London 2016 Conference on Employer Engagement in Education and Training

Last week we had the pleasure of attending and presenting at the excellent London 2016 Conference on Employer Engagement in Education and Training. Several themes stood out over the course of the two days. Here are 5 of them…

1. Employer engagement is important 

During his talk on, ‘Employer Engagement in Governance’, Lord Nash said he wanted every school in England to have one person working full time on employer engagement related activities. Similarly, Adrian Lyons from Ofsted reported on an extensive survey Ofsted have recently completed on employer engagement in England. The recommendations of this report, due to be published later this year, will show just how seriously Ofsted are taking employer engagement.

2. Employer engagement is challenging

The opening speaker, Simon Field from the OECD, made the argument that employer engagement was difficult because of culture, institutions and economics. He said employer engagement has been taken over by the classroom, which means our training environments are being led by an institution that has no experience of the workplace. He also touched on the fact that vocational training is not ‘cool’ enough and must do better to attract young people away from the ‘university experience’ that is cherished by so many.

3. Employer engagement is international

One of the best things about the conference was the number of different countries represented. The digital revolution is truly a global revolution and consequently every country is having to adapt their strategy to ensure they produce the necessary skills for the future workplace. Countries highlighted as thought leaders in this field included Sweden, Norway and Austria.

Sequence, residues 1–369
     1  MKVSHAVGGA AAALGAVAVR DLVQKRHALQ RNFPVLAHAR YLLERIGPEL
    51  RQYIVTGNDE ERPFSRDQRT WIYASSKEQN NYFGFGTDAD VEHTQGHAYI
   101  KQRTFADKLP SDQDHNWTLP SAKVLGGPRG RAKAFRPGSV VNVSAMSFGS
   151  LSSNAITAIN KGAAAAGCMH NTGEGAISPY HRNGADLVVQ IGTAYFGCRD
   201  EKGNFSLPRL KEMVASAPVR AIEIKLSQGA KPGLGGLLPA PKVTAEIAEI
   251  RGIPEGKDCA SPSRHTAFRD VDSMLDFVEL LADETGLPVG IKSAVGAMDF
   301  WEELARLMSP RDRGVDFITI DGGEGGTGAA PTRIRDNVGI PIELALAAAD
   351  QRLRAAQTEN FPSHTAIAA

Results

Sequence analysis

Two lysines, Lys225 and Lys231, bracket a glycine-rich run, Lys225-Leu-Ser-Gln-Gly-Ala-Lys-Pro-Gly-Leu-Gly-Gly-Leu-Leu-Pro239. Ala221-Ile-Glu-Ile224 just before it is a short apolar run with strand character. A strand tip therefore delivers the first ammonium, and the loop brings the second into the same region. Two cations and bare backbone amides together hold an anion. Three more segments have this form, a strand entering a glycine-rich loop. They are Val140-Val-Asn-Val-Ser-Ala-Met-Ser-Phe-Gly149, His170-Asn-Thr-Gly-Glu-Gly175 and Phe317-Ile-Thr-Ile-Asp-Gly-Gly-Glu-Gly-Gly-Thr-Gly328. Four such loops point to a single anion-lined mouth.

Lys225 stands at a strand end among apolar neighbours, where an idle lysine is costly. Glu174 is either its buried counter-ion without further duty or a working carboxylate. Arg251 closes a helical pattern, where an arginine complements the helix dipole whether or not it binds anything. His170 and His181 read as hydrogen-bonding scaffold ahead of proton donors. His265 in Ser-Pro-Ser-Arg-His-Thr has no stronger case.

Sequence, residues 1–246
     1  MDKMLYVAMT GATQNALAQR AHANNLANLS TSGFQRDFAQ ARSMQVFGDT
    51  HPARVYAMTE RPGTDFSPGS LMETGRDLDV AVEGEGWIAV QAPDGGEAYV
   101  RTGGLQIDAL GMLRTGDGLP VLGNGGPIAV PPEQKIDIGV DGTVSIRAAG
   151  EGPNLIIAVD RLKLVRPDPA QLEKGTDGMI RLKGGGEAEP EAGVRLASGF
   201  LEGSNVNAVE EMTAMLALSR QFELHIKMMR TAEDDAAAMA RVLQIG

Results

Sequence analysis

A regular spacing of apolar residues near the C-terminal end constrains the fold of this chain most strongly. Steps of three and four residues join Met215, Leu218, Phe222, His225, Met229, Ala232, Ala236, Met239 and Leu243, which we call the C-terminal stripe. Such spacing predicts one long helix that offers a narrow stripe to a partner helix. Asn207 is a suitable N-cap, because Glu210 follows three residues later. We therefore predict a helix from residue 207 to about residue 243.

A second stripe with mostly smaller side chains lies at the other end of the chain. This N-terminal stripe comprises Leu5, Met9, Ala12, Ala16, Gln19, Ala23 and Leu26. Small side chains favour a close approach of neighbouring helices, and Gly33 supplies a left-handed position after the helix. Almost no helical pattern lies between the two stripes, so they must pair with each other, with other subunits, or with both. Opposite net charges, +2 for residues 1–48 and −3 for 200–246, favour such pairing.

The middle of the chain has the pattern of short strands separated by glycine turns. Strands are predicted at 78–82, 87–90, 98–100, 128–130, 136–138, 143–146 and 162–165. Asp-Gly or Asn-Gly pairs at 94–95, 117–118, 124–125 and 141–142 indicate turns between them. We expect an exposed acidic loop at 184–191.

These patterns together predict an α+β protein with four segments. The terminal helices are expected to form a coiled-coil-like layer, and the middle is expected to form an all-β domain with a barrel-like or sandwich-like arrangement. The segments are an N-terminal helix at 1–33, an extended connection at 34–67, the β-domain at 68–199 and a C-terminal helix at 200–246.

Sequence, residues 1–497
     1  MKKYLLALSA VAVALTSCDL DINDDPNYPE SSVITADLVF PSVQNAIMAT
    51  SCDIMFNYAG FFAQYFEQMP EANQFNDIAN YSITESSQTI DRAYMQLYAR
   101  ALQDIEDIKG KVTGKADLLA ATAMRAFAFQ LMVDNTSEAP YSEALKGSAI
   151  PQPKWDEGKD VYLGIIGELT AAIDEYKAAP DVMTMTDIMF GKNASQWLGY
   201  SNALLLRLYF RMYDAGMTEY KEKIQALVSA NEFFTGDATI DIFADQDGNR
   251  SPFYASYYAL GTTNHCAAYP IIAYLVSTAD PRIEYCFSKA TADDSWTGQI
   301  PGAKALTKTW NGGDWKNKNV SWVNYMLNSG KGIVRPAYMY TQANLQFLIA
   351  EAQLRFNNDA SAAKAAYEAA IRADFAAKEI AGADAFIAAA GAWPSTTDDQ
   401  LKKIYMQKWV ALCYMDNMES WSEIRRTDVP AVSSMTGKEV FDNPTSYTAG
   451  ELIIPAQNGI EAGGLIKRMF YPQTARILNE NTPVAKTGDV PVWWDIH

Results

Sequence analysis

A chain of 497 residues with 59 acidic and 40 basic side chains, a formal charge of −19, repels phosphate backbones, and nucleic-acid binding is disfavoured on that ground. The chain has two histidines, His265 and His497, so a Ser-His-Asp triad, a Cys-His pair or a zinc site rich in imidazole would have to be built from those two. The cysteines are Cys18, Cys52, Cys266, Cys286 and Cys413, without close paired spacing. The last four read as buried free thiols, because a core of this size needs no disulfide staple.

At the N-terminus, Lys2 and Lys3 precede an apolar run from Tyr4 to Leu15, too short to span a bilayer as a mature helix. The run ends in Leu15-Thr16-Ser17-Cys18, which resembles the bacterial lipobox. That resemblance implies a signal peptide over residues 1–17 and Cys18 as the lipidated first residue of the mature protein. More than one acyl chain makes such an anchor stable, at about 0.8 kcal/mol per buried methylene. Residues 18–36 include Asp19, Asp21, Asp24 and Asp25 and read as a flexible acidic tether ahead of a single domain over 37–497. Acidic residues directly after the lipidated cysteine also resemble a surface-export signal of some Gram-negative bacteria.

4. Employer engagement demands creativity

In 2011 the Wolf Review encouraged a change in the focus of work experience. Since then, there has been an enormous amount of creativity in the industry to ensure effective delivery and this was represented by the plethora of different programs working to engage education with employers.

5. Employer engagement must be delivered strategically

Teachers will be glad to know there were representatives from various schools who were quick to point out that teachers’ workloads are already bursting at the seams without the responsibility of hitting employer engagement targets. This is also true for many employers’ who want to deliver employer engagement but don’t feel like they have the time or resources. Therefore, if we are going to improve the delivery of employer engagement in education we can’t simply create more work or build new programmes. Instead, we have to think strategically about how we can maximise employer engagement with minimal administration.

That’s why Chris gave his presentation the title, ‘Being Smart about Employer Engagement’, and explained how we have implemented PDMS Employed across the Isle of Man to streamline employability services. So far we have created a single point of entry for multiple job listings and out of a working population of 30,000 we have around 20% of the workforce and 80% of active employers enrolled on the system. We can schedule 1,500 weeks of work experience per annum for 5 secondary schools and have listed 14,537 vacancies in the last 12 months. Oh, and we do all of this with one Work Experience Co-ordinator working across 5 high schools! Our work experience co-ordinator is very good but she couldn’t do it without PDMS Employed.

This was the first time PDMS had been involved in an Education and Employers Research event and it definitely won’t be the last. You can see the presentations here and view the top tweets from the event here. If you would like to discuss how we could help your organisation deliver employer engagement services through PDMS Employed please get in touch with Richard Graham ([email protected]).